Make a Wire Bin to Recycle Mulched Leaves for the Garden

Love this post? Share it! :)

This post on recycling leaves is sponsored by Troy-Bilt.

There’s something idyllic about living on a tree-lined street. At least, in the imagination of those who don’t live on a tree-lined street.

For those like myself and my neighbors, it turns into a source of impending suffering at the first sign that fall is near. And that’s usually in August. 

Those early tell-tale signs signal to me that the picturesque street upon which “The American Dream” was based, will soon be replaced by the cursing hiss of a promise to my husband, “If I ever buy another house, it will not have a single tree nearby!”

However, something unexpected happened this fall: I learned that the benefit of those leaves in the garden far outweighs the stress of cleaning them up.

As part of Troy-Bilt’s Fall Fence Talks series (you can find the Spring Fence Talk helpful lawn tips and advice here), where homeowners get help from experts on common yard issues, they teamed me up with Erin from The Impatient Gardener, to help me (and you!) understand that leaves aren’t the enemy here.

The real enemy, my friend, is clay soil. 🙂

Let me explain…


In our video below, Erin pointed out how leaves are wonderful for improving the texture of clay soil, which is a huge problem for me here in Maryland.She also shared tips on how best to clean up leaves, how to store leaves, and (just what I needed to hear!) the benefits of adding a leafs to your garden and soil. Her main points included:

  • Never send your leaves off with your county recycling; recycle them in your own garden!
  • Leaves add organic matter and helps the texture of soil, including retaining moisture.
  • Use a leaf blower to blow leaves off your hard surfaces. Run your lawn mower over the leaves with a bagger attachment to capture the mulched leaves.
  • Try a leave vacuum to mulch the leaves.
  • Try a chipper shredder to mulch dry leaves.
  • The smaller the leaves, the faster they’ll break down in your garden; whole leaves decompose more slowly.
  • Use 3-4″ of leaf mulch on top of your garden. Pull the leaf mulch away from the trunks of trees and plants. This will be your mulch for the year.
  • Leaves will amend clay soil over time (hell-OOO! My entire yard is clay!)
  • Make a leaf mold by piling up leaves and watering the layers.
  • Leaf mold can also be made by stuffing leaves into large plastic garbage bags and poking holes. 
  • Leaves can be added to your compost bin; be sure to add greens. 



My journey into gardening is fairly new compared to someone like Erin, who’s a gardening guru. I’ve built my own raised garden beds, yes. But I’m still learning the basics of gardening, so the concept of “leaf molds” and the idea that leaves are “gold” are such foreign concepts.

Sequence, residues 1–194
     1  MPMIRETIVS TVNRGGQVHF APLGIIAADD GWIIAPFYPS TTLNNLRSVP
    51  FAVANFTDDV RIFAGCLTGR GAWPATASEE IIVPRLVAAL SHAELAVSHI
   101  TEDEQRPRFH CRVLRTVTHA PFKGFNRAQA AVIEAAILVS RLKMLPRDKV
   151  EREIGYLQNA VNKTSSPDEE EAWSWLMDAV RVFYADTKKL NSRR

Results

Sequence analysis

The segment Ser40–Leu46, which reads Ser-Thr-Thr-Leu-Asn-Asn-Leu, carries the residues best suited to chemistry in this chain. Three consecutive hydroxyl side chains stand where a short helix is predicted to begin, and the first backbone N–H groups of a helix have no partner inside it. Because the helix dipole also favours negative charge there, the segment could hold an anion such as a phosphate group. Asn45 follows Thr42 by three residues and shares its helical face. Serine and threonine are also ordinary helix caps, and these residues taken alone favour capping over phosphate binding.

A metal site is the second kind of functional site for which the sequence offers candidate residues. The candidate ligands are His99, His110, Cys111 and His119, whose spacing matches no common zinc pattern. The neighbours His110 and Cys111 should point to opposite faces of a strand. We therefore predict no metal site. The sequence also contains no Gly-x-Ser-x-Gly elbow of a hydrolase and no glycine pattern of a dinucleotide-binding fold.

Now that I’ve been schooled, however, I took Erin’s advice since we last spoke, and embraced the leaves. I willed more of my neighbor’s leaves to fall from my neighbor’s tree into the vortex of leaves that always end up in our yard.

Instead of bagging them and sending them off with weekly recycling, we mulched them and stored them in plastic bins, to be used in the garden that I planted last summer.

I hadn’t mulched the garden and was frustrated by the amount of weeds. You can still see a sprinkling of them in the garden, after I cleared away the dead eggplant and pepper plants.  



Thanks to Erin’s advice, I made a simple leaf mold, too! Here are some instructions on how to make your own easy wire bin to store and break down those “pesky” leaves.



Materials to Make a Leaf Mold

Making a wire bin to create leaf mold was super easy. As long as you’ve got some fencing, stakes, and some wooden boards, you can make this!

STEP 1: Cut Fencing to Size

Last year I painted my fence and had secured the area with some metal fencing to keep out the feral cats that love to roam the yard. Thankfully, I had some left over. It wasn’t much, but it was enough for me to create a small circle for a wire bin to recycle leaves into a leaf mold. 

Use wire cutters or scissors to cut the fencing to size. You can make it a circle, square, or rectangle. Either is fine. Depending on how many leaves you’ve got, you can make it as tall as you want, but remember–you’ve got to access this leaf mold at some point in the future. 🙂 You don’t want to make it too tall. Wider is better than taller.  

Helpful Tip!
If you’re recycling whole leaves, fencing with large holes works well. If you plan to mulch the leaves into smaller pieces, you may want to use fencing with smaller holes, like chicken wire, to contain the leaves.

With the size of the fencing I had left over, making a circle was the easiest option, and the height was perfect at 3-feet tall. 

I had cut the bottom piece off to create sharp “spokes” which I pushed into the frozen ground for extra stability.



STEP 2: Evenly Space the Garden Stakes

Wooden garden stakes are pretty inexpensive at home improvement and garden centers. For a pack of 4-foot stakes (depending on how tall you want your wire bin to be), it’s about $5 – $7.

It’s winter outside right now, so my ground is harder than a rock! I had a difficult time getting the stakes into the ground, so right now, the tips of the garden stakes are the only thing penetrating the hard soil. When spring comes and the soil isn’t as hard, I’ll use a hammer or mallet to pound them a little deeper.



STEP 3: Use a Heavy Duty Stapler to Secure the Fencing to the Stakes

Use a heavy duty stapler to secure the fencing to the wooden stakes. If you’re using other stakes, you may have to use twine or something method to secure them. Whatever you use for stakes, you want to make sure that the fencing isn’t going to fall over or blow away.



STEP 4: Fill the Wire Bin with Leaves

I had cleaned up all the leaves in the backyard, which tend to collect on the patio and shrubs, and was surprised that I still had space left to create a lot more leaf mold in my wire bin! It held much more than expected. The wire bin will hold even more if the leaves are mulched.